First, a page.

What would you like me to take from that?
Eve Moran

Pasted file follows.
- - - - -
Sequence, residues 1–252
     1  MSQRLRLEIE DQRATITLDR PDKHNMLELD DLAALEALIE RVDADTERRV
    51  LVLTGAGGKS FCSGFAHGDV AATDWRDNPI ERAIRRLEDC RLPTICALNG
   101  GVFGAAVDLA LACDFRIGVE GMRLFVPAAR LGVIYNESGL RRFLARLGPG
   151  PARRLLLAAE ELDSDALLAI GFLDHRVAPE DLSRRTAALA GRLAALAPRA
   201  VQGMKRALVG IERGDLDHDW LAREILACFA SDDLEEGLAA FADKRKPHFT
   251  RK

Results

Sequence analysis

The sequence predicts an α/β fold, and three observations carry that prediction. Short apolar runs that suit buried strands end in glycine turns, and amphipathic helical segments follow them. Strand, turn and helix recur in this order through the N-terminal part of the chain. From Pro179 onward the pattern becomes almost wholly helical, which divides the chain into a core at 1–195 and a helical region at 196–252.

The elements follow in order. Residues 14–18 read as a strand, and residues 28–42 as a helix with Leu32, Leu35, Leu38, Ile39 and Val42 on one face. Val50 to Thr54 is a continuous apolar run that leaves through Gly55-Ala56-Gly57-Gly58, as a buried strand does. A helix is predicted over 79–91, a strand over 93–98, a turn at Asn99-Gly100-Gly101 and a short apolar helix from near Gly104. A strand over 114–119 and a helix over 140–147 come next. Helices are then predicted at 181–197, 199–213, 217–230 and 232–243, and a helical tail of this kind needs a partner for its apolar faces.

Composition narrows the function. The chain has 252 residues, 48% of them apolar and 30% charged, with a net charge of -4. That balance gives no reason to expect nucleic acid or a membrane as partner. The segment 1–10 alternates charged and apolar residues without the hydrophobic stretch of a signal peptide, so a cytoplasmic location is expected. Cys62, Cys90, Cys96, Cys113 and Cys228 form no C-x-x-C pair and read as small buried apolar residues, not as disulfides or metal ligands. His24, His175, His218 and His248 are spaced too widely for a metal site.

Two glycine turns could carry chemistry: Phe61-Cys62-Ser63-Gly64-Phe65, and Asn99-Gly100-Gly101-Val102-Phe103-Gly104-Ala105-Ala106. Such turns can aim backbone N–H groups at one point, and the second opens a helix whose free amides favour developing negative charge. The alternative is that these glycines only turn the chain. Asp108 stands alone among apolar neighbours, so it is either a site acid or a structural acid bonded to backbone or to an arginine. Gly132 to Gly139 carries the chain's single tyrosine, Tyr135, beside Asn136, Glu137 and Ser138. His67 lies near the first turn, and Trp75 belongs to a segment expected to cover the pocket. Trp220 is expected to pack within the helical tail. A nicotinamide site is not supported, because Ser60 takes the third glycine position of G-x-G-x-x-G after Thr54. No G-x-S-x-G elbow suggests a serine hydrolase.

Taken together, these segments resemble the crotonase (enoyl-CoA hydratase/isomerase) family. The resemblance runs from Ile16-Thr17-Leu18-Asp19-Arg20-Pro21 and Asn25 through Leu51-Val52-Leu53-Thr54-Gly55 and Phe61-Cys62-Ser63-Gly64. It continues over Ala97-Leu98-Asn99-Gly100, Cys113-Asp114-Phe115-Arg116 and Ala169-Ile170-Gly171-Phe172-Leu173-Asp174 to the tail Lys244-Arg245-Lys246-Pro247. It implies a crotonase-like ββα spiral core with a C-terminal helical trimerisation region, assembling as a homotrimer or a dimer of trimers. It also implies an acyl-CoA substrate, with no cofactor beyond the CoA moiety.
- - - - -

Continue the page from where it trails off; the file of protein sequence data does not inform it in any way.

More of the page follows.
Well, part of what he’s getting at there is that when people say cooking according to a recipe is science, they are demonstrating lay positivism. Recipes existed, worked, and were passed down long before the scientific method was devised. Long before chemical reactions were understood in any remotely scientific way. So a recipe is not science — it’s cooking, an act which people with an inappropriately religious relationship to science claim as their own, when it long preexisted their faith. We can now understand in scientific terms how cooking works, but science doesn’t make it work, didn’t discover it, and exactly zero knowledge of the scientific method is required to make it work. My point in directing you to the article was to suggest that while my idea of what science is (an activity scientists participate in which is largely sold out to big business in our time) may be technically inaccurate on some grounds, yours may be, too. Every smart thing human beings ever did can’t be folded into science. That’s the lay positivist attitude he’s pointing to in the article.

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